State to delay payments to schools

Services will not be affected, because the school districts will find ways to borrow that money or they will dip into their cash reserves, if they have any. Simply put, the districts will be robbing Peter to pay Paul.

In September, school districts were supposed to get money from the state, but they'll have to wait longer. In the meantime, people and services will still need to get paid.

"You are going to use that to pay for your clerical, your custodians, most of your teachers. You pay for your utilities, insurance, things like that, so it's general operating funds of the district," says Sandra Lepley from the Hayward Unified School District.

There are things districts can do such as dip into their cash reserves, which few have, or get loans.

"They can do inter-fund borrowing, short term. So if they have a bond or a parcel tax where the money is coming in regularly, they can do an inter-fund transfer. If the districts can do that, it is the least expensive thing they can actually do," says Sheila Jordan from the Alameda County Office of Education.

Schools can also borrow from private institutions like banks.

Who signs off on these loans? The local county office of education. It's up to that office to make sure districts can repay the loans.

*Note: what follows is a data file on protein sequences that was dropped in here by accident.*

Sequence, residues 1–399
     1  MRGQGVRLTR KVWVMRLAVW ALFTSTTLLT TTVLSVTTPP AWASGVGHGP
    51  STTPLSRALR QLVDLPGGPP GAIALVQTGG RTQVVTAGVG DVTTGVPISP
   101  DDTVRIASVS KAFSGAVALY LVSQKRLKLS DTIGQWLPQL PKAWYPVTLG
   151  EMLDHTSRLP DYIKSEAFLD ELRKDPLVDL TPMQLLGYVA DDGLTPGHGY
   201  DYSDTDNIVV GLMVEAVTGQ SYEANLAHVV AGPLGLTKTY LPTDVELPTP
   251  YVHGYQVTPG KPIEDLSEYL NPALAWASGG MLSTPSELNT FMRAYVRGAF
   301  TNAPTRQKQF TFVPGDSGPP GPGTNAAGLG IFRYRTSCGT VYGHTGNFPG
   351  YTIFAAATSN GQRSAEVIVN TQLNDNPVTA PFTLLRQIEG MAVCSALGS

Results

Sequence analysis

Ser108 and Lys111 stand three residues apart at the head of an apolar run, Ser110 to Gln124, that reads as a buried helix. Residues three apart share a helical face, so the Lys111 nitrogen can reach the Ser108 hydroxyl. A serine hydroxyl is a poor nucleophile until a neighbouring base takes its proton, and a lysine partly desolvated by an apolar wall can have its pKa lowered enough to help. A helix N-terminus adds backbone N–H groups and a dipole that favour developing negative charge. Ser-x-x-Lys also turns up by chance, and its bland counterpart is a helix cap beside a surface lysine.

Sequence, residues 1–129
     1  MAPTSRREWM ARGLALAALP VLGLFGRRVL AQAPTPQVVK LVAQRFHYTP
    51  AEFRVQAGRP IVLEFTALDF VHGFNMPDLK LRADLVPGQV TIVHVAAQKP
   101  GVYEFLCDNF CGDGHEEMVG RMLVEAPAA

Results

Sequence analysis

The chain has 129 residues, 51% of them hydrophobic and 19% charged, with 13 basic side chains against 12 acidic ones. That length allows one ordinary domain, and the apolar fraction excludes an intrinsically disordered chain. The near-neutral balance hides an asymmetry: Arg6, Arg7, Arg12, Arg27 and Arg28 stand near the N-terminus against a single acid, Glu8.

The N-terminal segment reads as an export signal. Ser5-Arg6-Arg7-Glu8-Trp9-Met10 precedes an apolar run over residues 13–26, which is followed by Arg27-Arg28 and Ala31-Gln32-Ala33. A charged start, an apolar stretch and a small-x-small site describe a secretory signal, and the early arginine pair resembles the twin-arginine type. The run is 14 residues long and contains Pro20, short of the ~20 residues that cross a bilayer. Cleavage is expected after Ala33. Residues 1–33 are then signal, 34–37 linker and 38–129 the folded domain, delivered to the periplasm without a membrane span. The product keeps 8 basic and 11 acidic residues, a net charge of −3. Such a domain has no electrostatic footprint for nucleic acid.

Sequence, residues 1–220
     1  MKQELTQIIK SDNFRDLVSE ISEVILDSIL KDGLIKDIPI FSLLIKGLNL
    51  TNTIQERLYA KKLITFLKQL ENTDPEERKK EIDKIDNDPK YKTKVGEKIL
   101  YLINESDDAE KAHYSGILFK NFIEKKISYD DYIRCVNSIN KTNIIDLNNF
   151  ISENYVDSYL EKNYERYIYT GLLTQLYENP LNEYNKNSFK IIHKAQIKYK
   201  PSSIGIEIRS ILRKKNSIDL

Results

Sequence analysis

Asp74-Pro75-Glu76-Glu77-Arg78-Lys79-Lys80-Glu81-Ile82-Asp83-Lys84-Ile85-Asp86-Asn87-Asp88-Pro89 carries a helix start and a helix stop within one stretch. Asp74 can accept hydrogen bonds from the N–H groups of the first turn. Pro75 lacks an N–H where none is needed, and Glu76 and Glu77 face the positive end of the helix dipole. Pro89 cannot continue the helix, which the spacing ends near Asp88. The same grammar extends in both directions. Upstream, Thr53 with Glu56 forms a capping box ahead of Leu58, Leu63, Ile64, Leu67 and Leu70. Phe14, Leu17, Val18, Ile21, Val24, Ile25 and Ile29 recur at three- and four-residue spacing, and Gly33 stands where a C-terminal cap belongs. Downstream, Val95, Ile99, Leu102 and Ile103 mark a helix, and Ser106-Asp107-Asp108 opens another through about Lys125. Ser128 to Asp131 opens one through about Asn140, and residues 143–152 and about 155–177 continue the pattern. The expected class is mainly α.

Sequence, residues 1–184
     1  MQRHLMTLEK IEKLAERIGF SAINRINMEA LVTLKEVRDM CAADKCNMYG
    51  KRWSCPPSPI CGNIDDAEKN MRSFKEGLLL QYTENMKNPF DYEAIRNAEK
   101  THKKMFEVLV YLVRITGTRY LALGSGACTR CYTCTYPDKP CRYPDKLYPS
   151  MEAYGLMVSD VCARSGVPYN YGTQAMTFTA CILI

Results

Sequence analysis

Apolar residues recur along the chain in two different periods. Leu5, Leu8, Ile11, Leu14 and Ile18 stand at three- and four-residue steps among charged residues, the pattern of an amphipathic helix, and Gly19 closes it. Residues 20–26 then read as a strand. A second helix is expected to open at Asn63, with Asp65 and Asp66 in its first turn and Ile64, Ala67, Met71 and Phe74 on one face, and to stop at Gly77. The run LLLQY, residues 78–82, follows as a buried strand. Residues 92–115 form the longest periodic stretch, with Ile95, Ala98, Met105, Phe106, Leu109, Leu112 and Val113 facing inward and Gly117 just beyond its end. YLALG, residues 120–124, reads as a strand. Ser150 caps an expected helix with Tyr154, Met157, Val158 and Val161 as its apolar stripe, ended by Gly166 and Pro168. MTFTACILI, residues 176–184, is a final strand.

Like many districts, Hayward Unified has a cash flow problem. It will now have to borrow money to make up the difference. This way services will not be affected.

"It's kinds like your personal finances. One month you may have to borrow from savings because you had something was wrong with your car, but next month you'll be able to replenish that," says Lepley.

That's if lawmakers are able to agree on a budget.

But educators say this new crisis puts more pressure on local districts to come up with the money they are owed.

"That really just masks the problem, we need to have the budget settled and the appropriate amount of the monies go to the schools and go to the classrooms," says Mercedes Faraj from the Hayward Education Association.

Right now districts are quickly trying to calculate out how much money they will need to borrow. In the past, they may have used their reserves, but today they don't have that extra cash. For example, Hayward Unified has 20 percent less revenue today than it did three years ago.

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